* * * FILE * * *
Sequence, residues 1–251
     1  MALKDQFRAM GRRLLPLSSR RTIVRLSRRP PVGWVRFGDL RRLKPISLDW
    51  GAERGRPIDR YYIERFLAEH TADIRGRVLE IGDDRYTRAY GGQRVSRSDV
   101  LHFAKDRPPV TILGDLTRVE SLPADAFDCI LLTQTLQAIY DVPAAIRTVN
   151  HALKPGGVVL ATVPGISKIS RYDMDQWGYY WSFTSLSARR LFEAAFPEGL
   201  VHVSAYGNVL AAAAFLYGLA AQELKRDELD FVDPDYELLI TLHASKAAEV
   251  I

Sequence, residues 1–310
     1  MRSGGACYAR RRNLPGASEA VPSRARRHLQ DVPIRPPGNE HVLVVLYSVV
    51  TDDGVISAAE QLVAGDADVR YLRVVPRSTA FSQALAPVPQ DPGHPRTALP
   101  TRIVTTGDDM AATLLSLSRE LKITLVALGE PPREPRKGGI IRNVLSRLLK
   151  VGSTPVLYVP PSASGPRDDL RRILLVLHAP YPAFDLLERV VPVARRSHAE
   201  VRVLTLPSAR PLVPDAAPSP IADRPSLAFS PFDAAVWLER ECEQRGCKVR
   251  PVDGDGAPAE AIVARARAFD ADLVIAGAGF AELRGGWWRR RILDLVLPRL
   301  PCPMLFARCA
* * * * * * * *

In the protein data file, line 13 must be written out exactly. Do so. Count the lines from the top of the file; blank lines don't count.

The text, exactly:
   201  VRVLTLPSAR PLVPDAAPSP IADRPSLAFS PFDAAVWLER ECEQRGCKVR